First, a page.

Olivia Gatwood was a name I stumbled upon in a vast sea of slam poetry videos on YouTube. Out of the hundreds of videos of finger-snapping and rants over love, loss, oppression, and identity, it was her name that stuck, long after my fiery infatuation with spoken word poetry had mellowed to a flicker. I always gravitate back to this opinionated, curly-haired woman who writes about Manic Pixie Dream Girls, resting b*tch faces, period underwear and stories of girls putting in tampons for their friends.
Her writing reflects a wave of feminism which has a ferocious insistence on reclaiming femininity with unwavering pride. Olivia doesn’t spend time clarifying that pink isn’t every woman’s favourite colour, she would much rather illustrate through poetry the beauty and loveliness of pink, and how there cannot be shame in loving something that is beautiful. The idea behind reclamation is to tell-off the patriarchy, by stripping away the shame, weakness, and unimportance that it attaches to womanliness.
“Imagine, the teen girls gone from our world and how quickly we would beg for their return.”
By writing about girlhood, Olivia advocates for the fact that stories of girlhood are in fact important enough to be given a name, to be archived and shared.
I have had a love affair with Olivia’s poetry and with her determined conviction to speak to the teenage girl in me or in any woman. And in all their might, those words have loved me back too, by bringing me tales of valiant and interesting women in a world that has only ever painted us as meek and doe-eyed, and by bringing pride to places that had only known shame. Olivia tells me how uniquely wonderful the friendship between two teen girls is and I recall all of those moments of unbelievable intimacy that I had taken for granted. She tells me about the careless trust she places on old period underwear and my mind wanders back to every red splotch, together with the vicious scrubbing and the unnecessary hiding. She talks of the profoundness of female rituals and suddenly nothing about my existence as a teen girl is mundane to me. With her poetry, every mundane experience of girlhood evolves into a sacrosanct ceremony.
“I had never pined, so badly,
for denim to slip down her lower back,
upon taking a seat,
to reveal the fuzz along her spine,
that which she likely wished to remove,
begged her mother for hot wax like we all did.”
Olivia paints a collage of details, she doesn’t tell you that queerness is a beautiful thing, instead she makes you feel a thousand flapping butterflies for a girl’s fuzzy lower back, and by the end of it you have felt that queerness is indeed a beautiful thing, you don’t have to be told anymore. It’s not a poem of some gigantic struggle for LGBTQ emancipation. Instead, it is one that combines the smallest of elements, eliciting the most primitive, the most human of responses, and establishing connectedness in the process. The constant non-linearity in her writing is what sets her apart from the surge of spoken word poets, whose poems are more declarative in form. Olivia will let her words find you at a leisurely pace and gradually engulf you.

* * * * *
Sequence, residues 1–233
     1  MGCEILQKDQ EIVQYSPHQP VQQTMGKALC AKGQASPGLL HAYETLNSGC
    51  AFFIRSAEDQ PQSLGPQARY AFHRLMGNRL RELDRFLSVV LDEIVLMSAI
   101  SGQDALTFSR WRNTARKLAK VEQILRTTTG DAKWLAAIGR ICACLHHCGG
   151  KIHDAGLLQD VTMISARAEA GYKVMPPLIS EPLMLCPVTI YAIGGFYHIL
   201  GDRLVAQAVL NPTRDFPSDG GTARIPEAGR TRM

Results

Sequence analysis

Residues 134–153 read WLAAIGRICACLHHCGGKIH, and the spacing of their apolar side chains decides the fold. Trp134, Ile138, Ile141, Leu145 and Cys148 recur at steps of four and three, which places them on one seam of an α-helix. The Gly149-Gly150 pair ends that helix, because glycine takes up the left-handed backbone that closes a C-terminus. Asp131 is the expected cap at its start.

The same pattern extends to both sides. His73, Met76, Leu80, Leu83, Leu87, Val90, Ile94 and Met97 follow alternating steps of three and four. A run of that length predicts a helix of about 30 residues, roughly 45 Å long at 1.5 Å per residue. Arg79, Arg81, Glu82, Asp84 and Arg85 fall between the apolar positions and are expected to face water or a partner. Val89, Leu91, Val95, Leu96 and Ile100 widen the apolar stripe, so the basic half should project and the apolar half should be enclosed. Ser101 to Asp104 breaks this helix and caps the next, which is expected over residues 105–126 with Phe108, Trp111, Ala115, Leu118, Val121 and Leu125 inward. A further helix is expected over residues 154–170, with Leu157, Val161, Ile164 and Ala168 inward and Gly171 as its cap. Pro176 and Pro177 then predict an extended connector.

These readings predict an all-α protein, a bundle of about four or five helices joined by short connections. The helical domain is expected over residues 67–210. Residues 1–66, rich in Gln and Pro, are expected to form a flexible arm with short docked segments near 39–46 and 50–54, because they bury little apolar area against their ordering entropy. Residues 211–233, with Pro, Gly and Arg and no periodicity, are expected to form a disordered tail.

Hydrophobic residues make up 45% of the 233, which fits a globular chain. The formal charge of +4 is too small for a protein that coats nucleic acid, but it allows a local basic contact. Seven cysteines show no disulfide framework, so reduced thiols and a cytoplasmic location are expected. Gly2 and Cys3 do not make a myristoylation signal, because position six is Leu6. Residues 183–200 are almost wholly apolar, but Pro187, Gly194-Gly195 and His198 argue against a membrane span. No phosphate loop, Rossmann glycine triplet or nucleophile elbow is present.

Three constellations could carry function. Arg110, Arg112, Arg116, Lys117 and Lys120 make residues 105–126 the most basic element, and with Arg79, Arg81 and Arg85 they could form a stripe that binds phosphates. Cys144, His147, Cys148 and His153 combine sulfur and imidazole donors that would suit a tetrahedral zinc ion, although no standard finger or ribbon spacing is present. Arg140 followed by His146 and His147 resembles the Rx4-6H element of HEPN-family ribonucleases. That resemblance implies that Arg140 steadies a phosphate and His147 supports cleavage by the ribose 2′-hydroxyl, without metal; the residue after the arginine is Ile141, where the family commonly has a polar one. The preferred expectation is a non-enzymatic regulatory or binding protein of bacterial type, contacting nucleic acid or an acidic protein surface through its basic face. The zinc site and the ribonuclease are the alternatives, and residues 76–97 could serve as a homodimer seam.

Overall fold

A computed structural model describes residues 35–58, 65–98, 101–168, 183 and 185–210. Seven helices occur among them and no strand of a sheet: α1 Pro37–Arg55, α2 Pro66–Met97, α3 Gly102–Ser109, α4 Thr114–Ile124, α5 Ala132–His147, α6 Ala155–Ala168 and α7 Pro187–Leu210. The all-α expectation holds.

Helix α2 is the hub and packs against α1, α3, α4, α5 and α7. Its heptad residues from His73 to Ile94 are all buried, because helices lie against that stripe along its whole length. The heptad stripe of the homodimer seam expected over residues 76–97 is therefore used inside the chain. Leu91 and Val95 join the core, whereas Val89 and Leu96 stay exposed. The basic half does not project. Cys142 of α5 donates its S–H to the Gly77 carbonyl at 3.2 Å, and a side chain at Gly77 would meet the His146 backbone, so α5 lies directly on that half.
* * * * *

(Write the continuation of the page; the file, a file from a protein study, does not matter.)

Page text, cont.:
In a world of excessive interaction with content, it is easy to become desensitised to words. Words, as they are, fall short in being able to evoke fury or love or even solidarity. What then, induces one to drop one’s thoughts and feel something? Olivia speaks to that desensitised reader/listener through the entangling net of stories that she weaves. She reminds one that poetry isn’t a dish to be served on a platter but rather a recipe to be navigated through, half the fun lies in disentangling the net that the author weaves. Quite unlike the Rupi Kaur brand of poetry. For Kaur gives a perfectly fitting feminist message, but that’s it. Her poetry exists merely on the surface, there is nothing to delve into, to be submerged in. This narrative moves forward in a straight line, such that there is no space left between the lines, which is also the space where the magic happens.
“The last time we made love you asked me if I was scared,
I think you wanted me to say yes”
Subtlety is also Olivia’s distinguishing quality. Even in poems with darker undertones, in stories of pain and abuse, she often speaks about the abuse without ever outrightly addressing it. And strangely enough, the indistinction encapsulates the very nature of abuse itself, to be so subtle that we wish to ignore it. How abuse isn’t usually isolated and identifiable, but it’s in words, actions and behaviours interlaced with all else, how it is indistinguishable to the extent that it almost resembles normalcy. She brings out the imperceptible fears that lurk within us. Olivia gets the grey nature of things.
“The boy doesn’t ask if he can choke me, so I pretend to die while he’s doing it”
She is the curator to the museum of all our stories, some lost and some broken, what’s different is the light that she uses to guide us through them. A light of pride. She leaves one with not only the feeling that poetry is magical but that being a girl itself is so so wondrous and sensationally beautiful in nature. Olivia is about the details, about the fears and insecurities in the experiences of girlhood, and the understanding that from the smallest instances emerges the greatest solidarity. Being a girl can be a constant struggle for selfhood. Everything teenage girls do and are is under constant attack and ridicule. And that is precisely how patriarchy is structured, that even a single moment of uninterrupted female existence is unendurable for them. And to that, she says, f*ck you.
“When the boy said, he liked my hair the other way, I shaved my head instead of my p*ssy.”
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